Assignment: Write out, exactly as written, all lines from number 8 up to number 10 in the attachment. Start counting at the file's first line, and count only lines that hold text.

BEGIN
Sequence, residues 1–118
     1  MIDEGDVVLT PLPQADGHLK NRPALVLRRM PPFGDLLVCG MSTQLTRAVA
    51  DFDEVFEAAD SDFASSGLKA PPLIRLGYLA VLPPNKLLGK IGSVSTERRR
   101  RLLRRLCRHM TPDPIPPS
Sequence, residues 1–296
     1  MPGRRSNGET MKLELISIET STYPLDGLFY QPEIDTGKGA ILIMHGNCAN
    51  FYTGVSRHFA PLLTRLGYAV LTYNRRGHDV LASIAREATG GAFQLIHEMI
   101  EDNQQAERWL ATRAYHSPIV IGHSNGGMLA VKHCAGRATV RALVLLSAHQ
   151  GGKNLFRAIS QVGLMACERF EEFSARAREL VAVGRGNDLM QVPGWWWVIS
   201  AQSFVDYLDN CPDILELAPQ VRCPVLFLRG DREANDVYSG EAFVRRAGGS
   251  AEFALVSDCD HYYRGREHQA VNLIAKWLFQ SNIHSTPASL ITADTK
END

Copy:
   101  EDNQQAERWL ATRAYHSPIV IGHSNGGMLA VKHCAGRATV RALVLLSAHQ
   151  GGKNLFRAIS QVGLMACERF EEFSARAREL VAVGRGNDLM QVPGWWWVIS
   201  AQSFVDYLDN CPDILELAPQ VRCPVLFLRG DREANDVYSG EAFVRRAGGS